My teacher, Gary Kraftsow, likes to ask: “Are you for yoga, or is yoga for you?” The answer seems obvious, yet often from the way we practice it appears as if WE are serving yoga, not the other way around.
By themselves, yoga practices don’t mean anything; they only become meaningful when you use them as tools to achieve whatever it is that you want to achieve. It’s like your car – no matter how fancy your car is, it’s primary purpose is to get you from point A to point B. It would be nice if your car could go grocery shopping all by itself when you are away on vacation, but no such luck; it just sits there until you’ve come back and start using it again.
When I tell strangers that the name of my yoga tradition viniyoga, can be translated as “yoga adapted to the needs of an individual”, they say: “Isn’t all yoga like that?” It certainly should be! Yet it often isn’t.
Here is how our understanding of what yoga poses are and aren’t can shape our practice.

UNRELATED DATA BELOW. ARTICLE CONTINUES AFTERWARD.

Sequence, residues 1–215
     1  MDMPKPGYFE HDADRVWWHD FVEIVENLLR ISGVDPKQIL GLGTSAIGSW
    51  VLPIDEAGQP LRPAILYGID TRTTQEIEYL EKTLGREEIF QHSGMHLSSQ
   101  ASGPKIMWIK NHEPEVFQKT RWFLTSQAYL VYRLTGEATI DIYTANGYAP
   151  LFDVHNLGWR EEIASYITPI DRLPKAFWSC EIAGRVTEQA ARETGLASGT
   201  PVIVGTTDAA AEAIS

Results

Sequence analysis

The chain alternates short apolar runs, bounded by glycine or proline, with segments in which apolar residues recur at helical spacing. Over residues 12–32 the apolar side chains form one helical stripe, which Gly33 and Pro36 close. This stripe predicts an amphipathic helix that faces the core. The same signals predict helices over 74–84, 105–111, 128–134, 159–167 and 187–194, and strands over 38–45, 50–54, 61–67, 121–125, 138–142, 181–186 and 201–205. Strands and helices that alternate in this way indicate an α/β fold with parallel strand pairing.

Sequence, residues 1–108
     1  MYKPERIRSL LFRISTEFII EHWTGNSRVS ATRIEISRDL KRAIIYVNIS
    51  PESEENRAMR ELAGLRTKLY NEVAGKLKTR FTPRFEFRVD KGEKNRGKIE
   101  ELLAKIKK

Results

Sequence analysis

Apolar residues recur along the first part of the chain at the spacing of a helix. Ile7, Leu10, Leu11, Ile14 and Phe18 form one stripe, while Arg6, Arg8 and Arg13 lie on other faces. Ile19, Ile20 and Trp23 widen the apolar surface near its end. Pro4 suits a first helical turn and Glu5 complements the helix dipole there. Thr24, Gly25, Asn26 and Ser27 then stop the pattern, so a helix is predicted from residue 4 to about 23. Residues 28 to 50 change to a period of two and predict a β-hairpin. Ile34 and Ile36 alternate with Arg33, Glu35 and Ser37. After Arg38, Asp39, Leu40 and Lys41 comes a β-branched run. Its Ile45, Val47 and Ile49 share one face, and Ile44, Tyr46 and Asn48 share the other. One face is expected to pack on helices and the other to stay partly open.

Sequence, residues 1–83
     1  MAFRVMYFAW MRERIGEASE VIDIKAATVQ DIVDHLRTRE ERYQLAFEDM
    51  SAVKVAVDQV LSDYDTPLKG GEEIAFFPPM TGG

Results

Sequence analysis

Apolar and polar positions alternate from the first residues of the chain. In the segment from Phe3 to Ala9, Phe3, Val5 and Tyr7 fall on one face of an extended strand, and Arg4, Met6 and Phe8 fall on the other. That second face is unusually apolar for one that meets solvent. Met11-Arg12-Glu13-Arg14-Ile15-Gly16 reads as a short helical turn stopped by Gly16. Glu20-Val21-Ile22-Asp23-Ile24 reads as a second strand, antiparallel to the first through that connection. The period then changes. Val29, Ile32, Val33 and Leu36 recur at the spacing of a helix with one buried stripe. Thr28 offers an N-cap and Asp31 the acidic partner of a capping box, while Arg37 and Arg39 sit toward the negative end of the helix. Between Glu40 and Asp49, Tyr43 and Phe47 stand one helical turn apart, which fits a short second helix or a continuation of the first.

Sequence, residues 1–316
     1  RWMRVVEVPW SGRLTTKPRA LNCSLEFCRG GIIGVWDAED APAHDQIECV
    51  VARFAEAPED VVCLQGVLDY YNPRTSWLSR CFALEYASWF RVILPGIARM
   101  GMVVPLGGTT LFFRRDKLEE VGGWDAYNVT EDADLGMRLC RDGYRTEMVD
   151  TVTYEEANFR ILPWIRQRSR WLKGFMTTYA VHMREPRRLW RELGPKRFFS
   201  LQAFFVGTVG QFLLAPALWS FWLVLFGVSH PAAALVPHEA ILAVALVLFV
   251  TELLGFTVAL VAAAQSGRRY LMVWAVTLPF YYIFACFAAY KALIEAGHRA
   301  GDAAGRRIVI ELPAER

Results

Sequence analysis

1. Yoga poses are TOOLS, not sacred shapes.
The shapes of yoga poses have not been revealed, like The Ten Commandments, or passed on for generations, like Patanjali’s Yoga Sutras. In fact, many contemporary yoga poses have been created within the last couple hundred years. The only pose mentioned in the traditional yogic texts is a meditation posture, where you are comfortable and at ease (Patanjali 2.46: Sthiram sukham asanam) . Sure, there is Hatha Yoga Pradipika and other texts that list other poses, but not nearly to the degree of detail and variety that we have in our contemporary yoga culture. It doesn’t make the poses any less valid, it only means that they are not sacred, and shouldn’t be treated as such. It also means that the poses do not have fixed shapes. Yes, we can all recognize the Warrior I pose, but does it have to look that way? Nope. Some elements of the pose are uniform if you want the pose to be safer and more effective (Example: Warrior 1 below)